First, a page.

5. The post-mortem examination on the body of deceased Bhimabai was conducted by a team of two doctors of Department of Forensic Medicine and Toxicology, Medical College, Aurangabad, namely, Dr. S.M. Jawale and Dr. H.V. Godbole on 16.9.1991. The doctors did not find any sign of external or internal injury on the body of the deceased and in their opinion, the cause of death was insecticide poisoning. The viscera was preserved for chemical analysis. The report of the post-mortem examination was admitted by the defence.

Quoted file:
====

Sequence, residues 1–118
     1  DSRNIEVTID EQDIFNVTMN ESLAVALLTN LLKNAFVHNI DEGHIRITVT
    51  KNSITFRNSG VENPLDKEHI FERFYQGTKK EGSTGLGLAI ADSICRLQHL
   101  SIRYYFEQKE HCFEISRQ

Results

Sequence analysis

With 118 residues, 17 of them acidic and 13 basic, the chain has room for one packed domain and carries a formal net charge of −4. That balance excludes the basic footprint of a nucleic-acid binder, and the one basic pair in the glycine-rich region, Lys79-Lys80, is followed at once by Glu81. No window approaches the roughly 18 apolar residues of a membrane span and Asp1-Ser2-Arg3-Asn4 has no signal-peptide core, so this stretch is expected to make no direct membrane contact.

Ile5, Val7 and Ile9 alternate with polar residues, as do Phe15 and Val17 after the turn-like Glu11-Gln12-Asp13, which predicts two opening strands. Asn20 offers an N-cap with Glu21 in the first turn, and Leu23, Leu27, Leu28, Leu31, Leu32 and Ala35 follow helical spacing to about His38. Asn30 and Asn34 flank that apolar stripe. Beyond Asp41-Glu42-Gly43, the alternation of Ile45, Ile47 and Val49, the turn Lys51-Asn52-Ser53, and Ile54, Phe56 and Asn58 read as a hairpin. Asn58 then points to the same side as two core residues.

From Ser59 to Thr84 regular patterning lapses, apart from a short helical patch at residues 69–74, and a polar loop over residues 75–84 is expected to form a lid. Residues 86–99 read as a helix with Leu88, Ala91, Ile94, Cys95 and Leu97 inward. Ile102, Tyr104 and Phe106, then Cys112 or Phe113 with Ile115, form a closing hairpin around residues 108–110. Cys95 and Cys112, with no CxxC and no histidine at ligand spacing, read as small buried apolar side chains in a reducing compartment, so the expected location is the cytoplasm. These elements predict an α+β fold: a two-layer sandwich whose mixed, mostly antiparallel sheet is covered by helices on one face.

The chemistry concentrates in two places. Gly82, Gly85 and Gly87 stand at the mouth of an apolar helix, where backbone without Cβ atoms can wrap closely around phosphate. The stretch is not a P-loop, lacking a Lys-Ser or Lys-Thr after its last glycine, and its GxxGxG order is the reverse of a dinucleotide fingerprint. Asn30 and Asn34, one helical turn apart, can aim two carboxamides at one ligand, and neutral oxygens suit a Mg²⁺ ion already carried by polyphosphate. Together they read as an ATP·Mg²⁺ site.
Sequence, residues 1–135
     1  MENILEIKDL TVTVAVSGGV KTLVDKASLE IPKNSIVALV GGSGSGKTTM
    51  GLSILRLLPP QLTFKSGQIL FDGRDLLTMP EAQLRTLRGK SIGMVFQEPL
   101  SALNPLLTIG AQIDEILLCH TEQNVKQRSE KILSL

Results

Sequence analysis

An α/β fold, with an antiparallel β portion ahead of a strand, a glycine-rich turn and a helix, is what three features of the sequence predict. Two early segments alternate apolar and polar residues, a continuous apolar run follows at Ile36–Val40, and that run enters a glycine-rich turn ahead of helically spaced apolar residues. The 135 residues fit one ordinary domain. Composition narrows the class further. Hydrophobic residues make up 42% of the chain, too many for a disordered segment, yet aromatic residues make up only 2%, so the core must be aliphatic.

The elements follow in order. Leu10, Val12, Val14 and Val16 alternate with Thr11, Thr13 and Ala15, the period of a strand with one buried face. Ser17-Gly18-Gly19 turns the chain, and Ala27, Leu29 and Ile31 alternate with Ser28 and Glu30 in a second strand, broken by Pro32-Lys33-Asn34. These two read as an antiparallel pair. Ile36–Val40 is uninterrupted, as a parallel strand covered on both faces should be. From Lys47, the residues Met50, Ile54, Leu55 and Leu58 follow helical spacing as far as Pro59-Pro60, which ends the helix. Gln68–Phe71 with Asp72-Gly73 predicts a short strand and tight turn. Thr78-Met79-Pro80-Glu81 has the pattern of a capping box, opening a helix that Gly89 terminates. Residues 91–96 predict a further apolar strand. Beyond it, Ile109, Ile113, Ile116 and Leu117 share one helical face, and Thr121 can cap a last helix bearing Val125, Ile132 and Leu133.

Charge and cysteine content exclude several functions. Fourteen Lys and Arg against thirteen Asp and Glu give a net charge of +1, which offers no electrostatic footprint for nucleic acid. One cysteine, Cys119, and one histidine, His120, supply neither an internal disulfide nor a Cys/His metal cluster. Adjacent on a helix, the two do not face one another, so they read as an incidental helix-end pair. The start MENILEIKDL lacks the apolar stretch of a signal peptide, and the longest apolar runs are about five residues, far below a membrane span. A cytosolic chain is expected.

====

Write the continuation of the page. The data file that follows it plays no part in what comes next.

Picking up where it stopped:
6. The specific case of the prosecution is that Bhimabai ended her life by consuming poison because of harassment caused to her by the appellants for or in connection with demand of dowry. It is, therefore, necessary to briefly examine the evidence of the prosecution witnesses. PW. 1 Tukaram, father of the deceased, has given details of the prosecution version of the incident in his statement in Court. He has deposed that in the marriage he had given Rs. 20,000 as dowry. Initially, Bhimabai was treated well for about six months, but thereafter the appellants started ill-treating her. Whenever Bhimabai came to her parental home, she used to complain that for some domestic reasons she was being harassed. When she had visited her parental home on the last occasion, she had said that her husband Appasaheb had asked her to bring Rs. 1,000-1,200 for domestic expenses and for purchasing manure as he had no sufficient money. Bhimabai had complained to him that she was not being given proper food, clothings and even footwear and occasionally the appellant no. 1 used to beat her. The last time she visited her parental home was during the festival of Nag Panchami and at that time she looked depressed. The witness has further deposed that on the date of incident, a man came from village Palshi on motorcycle and informed that he should immediately go there as Bhimabai was not well. He then went to village Palshi along with other persons of his family where he reached after sun set. He saw that Bhimabai was lying dead and froth was coming out of her mouth which was smelling of Thimet (insecticide). In his cross- examination he has admitted that his statement that he had given Rs.20,000 in dowry at the time of marriage was incorrect and in fact he had given Rs. 5,000 as dowry and the total expenses incurred in the marriage was about Rs. 20,000. He has also deposed that it was after about 1-1/2 years of marriage that Bhimabai first complained to him about the harassment being caused to her. There used to be some bickering in the marital life of Bhimabai and her husband on trifling matters. He has admitted that it was appellant no. 1 who had sent a person on motorcycle who had given information regarding Bhimabai being unwell and that both the appellants were present at the time of her funeral. PW.2 Babaji is real brother of father-in-law of PW.1 Tukaram. He has deposed that on an earlier occasion he had gone along with PW.1 and some others to the house of appellant no.1 to persuade him not to harass Bhimabai and to treat her well. In his cross- examination he has admitted that when he had gone to village Palshi to talk with the appellants regarding the ill-treatment being meted out to Bhimabai, there was no talk regarding monetary giving and taking. He also admitted that he had not gone to attend that funeral of Bhimabai. PW.5 Sumanbai is the mother of the deceased Bhimabai. She has stated in her examination-in-chief that Bhimabai was being ill-treated by the appellants and the reason for ill-treatment was that they were demanding money to be brought from her parental home. The last time Bhimabai visited her parental home was on the occasion of the festival of Nag Panchami and she had complained that she was being ill-treated and was sometimes given beating for bringing money from her parents. She has specifically stated that for a period of six months after the marriage, Bhimabai was treated well and thereafter she had started complaining about the harassment being caused to her. In her cross-examination, PW.5 Sumanbai has stated that after news about the condition of Bhimabai was given by a man from village Palshi, she along with her husband and some other relations went there and noticed that Bhimabai was lying dead in the house and froth was coming out of her mouth. She has further stated that she did not make any enquiry as to how Bhimabai had died. In her statement under Section 161 Cr.P.C. which was recorded very next day of the incident i.e. on 16.9.1991 she did not state that cause of ill-treatment was “a demand for money and a consequent beating”. When confronted with her aforesaid statement under Section 161 Cr.P.C., she replied that she did not know why there was no mention in the said statement that the cause for ill-treatment was “a demand for money and a consequent beating”. She further stated that it will be correct to say that her daughter was receiving ill-treatment as a result of “domestice cause”. The learned trial Judge then sought clarification from the witnessses by putting the following question. :-